So, running on the freeway seems like it would be a faster way to get around during a race. NOT SO. Freeways are graded so that cars can zip up and down those curves quickly, but not humans. So when humans like myself try to slowly run up and down those curves, we do it slowly and at an angle. My ankles went crunch, crunch, crunch, of which my massage therapist and my chiro (later today) will be working out.

I ran through neighborhoods, both real and imagined. Okay, well, “imagined.”

Apparently insurance companies can also set up drinking bars along marathon routes, which is interesting. In most cases they would probably deter things like that.

At the halfway mark I took a screenshot of Runkeeper to save my time – I wanted to have this as a benchmark from my past half marathons to see my pacing and how I was doing. It would be nice if Runkeeper had a lap timer button, or a view that allowed me to see “if she kept going at this pace she will finish a 26.2 in XXXXXX or a 50K in XXXXXX.” Maybe I can put in a feature request?

After this mark I pretty much put my phone away and went to work. It’s where the race began getting difficult. If I were to get truly honest, the race really got difficult somewhere between 18 and 21…sometime around Sea World and getting back on the freeway. I was hurting but not as bad as I thought I would be. I didn’t think I could’ve pushed any harder, but maybe in hindsight I had a little more in me? Probably not. My toes, neck, and back are still recovering and it’s been a few days.

I can rarely muster a smile at mile 25, so I decided to give it a try. It worked, sort of. I kept going. Notice the lack of parallel lines everywhere! My ankles are super angry at me.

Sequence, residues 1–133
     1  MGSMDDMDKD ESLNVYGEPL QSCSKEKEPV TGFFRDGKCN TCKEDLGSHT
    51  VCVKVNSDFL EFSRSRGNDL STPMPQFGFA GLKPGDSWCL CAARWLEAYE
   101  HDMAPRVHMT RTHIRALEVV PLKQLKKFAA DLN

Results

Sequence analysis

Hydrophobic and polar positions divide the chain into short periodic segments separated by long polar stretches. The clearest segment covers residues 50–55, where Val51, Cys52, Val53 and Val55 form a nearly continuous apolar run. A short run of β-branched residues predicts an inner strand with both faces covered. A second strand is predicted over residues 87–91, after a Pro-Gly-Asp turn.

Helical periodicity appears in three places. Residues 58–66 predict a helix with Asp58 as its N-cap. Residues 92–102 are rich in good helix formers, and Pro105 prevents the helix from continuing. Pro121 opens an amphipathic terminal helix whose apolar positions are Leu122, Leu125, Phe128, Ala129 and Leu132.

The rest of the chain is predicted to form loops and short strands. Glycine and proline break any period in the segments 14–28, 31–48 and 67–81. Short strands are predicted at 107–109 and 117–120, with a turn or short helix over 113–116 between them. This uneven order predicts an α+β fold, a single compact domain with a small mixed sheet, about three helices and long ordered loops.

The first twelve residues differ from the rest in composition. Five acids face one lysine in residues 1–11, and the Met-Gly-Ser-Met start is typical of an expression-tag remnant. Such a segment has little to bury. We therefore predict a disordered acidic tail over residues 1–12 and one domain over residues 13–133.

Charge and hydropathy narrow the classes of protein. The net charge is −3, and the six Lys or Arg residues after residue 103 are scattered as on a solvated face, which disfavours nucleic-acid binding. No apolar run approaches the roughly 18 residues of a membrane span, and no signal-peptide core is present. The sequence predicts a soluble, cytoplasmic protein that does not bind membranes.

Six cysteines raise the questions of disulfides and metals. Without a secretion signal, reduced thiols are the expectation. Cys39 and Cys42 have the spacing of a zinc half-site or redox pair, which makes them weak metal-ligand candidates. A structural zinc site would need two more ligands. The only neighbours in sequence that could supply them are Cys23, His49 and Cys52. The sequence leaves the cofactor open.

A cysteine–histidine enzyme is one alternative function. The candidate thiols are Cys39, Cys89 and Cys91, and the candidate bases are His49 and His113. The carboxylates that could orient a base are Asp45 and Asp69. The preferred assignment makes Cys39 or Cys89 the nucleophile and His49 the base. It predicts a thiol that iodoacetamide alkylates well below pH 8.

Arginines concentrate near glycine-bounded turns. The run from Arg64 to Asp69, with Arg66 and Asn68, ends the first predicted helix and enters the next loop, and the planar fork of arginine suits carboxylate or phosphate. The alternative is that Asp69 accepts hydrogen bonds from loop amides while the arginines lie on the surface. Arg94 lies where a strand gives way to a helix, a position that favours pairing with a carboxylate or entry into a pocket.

I ran through mile 25-26.2. As I whizzed past the 26th mile marker I snapped this because I couldn’t bother stopping for it. I had a PR I was gunning for!

After the finish, I was elated. My finish time was 6:17:02.

I had beat my 6-year old marathon PR by 6 minutes 23 seconds.

I beat my last marathon time (WDW in January, 6 months old) by 18 minutes 10 seconds.

I worked for it, and I’m thankful for that little raspberry watch on my right wrist that helped get me there.

I’m also very thankful for the support of my husband, Erik, and my new friend Arlene, who both peer pressured me into taking on the race and the 7-hour time limit, even though I thought I’d be cutting it a bit too close. For once, peer pressure for good!

All in all, a happy ending. I know that knocking off this much time off of consecutive races is really hard. My goal time for Rock n Roll Arizona is 5:40, which is pretty much another 40 minutes off my now best time. It’ll be a lot of work, but let’s see if I can’t do it again. I have 6 months to focus on nutrition, sleep, and to be more mindful of my speed training, so we shall see!

Race Recap: Rock n Roll Liverpool 2017 Remix Challenge

 

After much anticipation, we touched down in Manchester for a quick afternoon, wandered the city for a bit, and then boarded a train to Liverpool the next morning. Despite the tragedy that struck just a day or so earlier, we found a lot of love and beauty in the city: